The Yankee Fork Gold Dredge is one of the best historical gold dredges in existence today and definitely worth a visit. The structure has been well persevered and restored to the original state meaning that you will see firsthand how the machine was in 1950.
It is located just outside of the vast River of No Return Wilderness in the central Idaho Mountains along the Yankee Fork, which drains into the Salmon River. It is about 22 miles from the town of Stanley which is by far the nearest decent-sized town to the dredge. If you are traveling from Stanley, follow highway 75 east. At about 13 miles from Stanley, you will reach Sunbeam, turn north along the Yankee Fork River. The Dredge is located about ten miles along the road.
History of the Yankee Fork Gold Dredge
The history of the Yankee Fork Gold Dredge goes back to 1939 when the Silas Mason Company based in New York started seeking for investments opportunities in Idaho. The company got wind of the presence of gold in the Yankee Fork Valley and sent a team to survey the area. The team reported back to the company that the valley had gold estimated to be about 11 million dollars in value.
The company acquired a five and a half mile claim in the valley bottom and commissioned Erier Bucyrus to design and build a dredge for gold mining.
The construction works for the dredge begun in April 1940. Given the remoteness of the location, the company spent quite a great deal of money ferrying the materials from Milwaukee using the railway to nearby Mackay before using trucks to transport the materials into the Yankee Fork Valley.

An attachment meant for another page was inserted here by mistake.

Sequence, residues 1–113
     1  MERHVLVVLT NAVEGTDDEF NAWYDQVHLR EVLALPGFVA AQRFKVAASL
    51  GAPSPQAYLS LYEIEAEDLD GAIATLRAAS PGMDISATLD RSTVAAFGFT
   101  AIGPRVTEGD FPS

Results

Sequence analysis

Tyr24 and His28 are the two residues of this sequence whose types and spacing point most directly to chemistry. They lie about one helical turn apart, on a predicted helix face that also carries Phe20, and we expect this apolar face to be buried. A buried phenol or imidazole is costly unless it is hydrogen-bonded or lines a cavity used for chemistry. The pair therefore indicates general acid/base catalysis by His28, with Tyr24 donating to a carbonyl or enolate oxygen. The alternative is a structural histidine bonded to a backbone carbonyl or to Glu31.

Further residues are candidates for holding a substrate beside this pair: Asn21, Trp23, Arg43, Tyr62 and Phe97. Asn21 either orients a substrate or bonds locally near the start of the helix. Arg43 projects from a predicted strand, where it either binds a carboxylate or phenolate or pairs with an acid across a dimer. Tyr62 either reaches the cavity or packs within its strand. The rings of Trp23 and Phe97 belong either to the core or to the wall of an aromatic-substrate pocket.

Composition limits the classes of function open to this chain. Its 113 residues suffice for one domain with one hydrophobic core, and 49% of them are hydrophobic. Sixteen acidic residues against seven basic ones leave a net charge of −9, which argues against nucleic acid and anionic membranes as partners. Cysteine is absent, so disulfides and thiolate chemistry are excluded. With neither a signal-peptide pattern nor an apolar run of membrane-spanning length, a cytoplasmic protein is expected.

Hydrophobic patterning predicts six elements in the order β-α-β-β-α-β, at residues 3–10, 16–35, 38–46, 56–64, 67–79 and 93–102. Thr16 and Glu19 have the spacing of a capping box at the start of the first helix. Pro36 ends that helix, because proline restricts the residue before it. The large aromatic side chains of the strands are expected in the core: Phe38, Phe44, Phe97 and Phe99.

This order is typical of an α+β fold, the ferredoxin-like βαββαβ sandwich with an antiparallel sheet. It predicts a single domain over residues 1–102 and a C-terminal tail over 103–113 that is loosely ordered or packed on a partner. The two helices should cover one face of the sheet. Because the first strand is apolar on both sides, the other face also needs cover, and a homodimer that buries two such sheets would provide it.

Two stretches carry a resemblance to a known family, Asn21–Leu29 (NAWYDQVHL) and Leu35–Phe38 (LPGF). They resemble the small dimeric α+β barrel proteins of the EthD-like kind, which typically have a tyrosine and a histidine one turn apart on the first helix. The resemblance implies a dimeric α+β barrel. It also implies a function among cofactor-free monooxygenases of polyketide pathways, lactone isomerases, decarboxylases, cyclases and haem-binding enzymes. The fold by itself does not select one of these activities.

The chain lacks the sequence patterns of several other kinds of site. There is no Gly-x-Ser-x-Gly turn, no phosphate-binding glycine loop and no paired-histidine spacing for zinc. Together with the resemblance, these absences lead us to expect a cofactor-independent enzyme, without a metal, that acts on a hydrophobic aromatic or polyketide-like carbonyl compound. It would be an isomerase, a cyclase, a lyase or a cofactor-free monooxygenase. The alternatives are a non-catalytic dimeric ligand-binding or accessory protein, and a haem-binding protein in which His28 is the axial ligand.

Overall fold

The superstructure and the pontoons were all assembled in Boise and transported to the site using trucks. The construction took for months and by mid-August 1940, the Yankee Fork Gold Dredge was commissioned. At its completion, the dredge was 64ft high, 112 ft long and 54ft wide. Its weight was over 988 tons. The dredge was powered by two heavy duty 350 HP diesel engines.
The Dredge in Operation
The dredge worked for 12 years between 1940 and 1952 which a short break for a few years during the Second World War. In 1947 the Silas Mason Company decided the dredge for not producing enough gold. The dredge was finally bought in 1949 by Fred Baumhoff and J.R. Simplot for $75,000.
In 1952 the new owners of the dredge had exhausted the original claim and leased a small section of the surrounding land from the Morrison’s. However, seeing no prospect for more productivity they closed shop as soon as the new section was completely dredged.
In 1953, the Morrison’s asked them to move the dredge or pay rent for the land where it sat. The dredge was then started for the last time and moved to its current location which is within the original claim.
All in all, the Yankee Fork Gold Dredge churned up about 6 miles of the river bottom and extracted several million dollars worth of gold. Other mining activity occurred in nearby lode mines at Custer and Bonanza, but most of the production from this mining district resulted from the dredging activity.
The Yankee Fork Gold Dredge Today
The dredge remained unattended to for 13 years from 1953 to 1966 when J.R. Simplot finally donated it to the United States Forest Service. The Yankee Fork Gold Dredge was converted into a tourist attraction where you can come and learn about the history of gold mining in Idaho.
The Yankee Fork Gold Dredge association began offering both guided and self-guiding tours to the dredge in 1980. The association has volunteers who take visitors through the dredge explain the process of gold mining and giving a brief history of the dredge.
In addition, visitors can visit the kiosks at the site to see pictures of the dredge through the years from the day it was built to the present. This is a great opportunity to learn the history of the dredge and see who actually it used to work. The kiosks also contains pictures of the men who worked at the dredge and their families who all used to live in a camp nearby. This section offers a glimpse into the life at the camp in the 1940s through to 1950s when the dredge was still in operation.
The Yankee Fork Gold Dredge association even runs a gift shop inside the dredge where you can buy some fun memorabilia for your trip to the dredge. This is an impressive piece of equipment and a wonderful relic to visit and enjoy.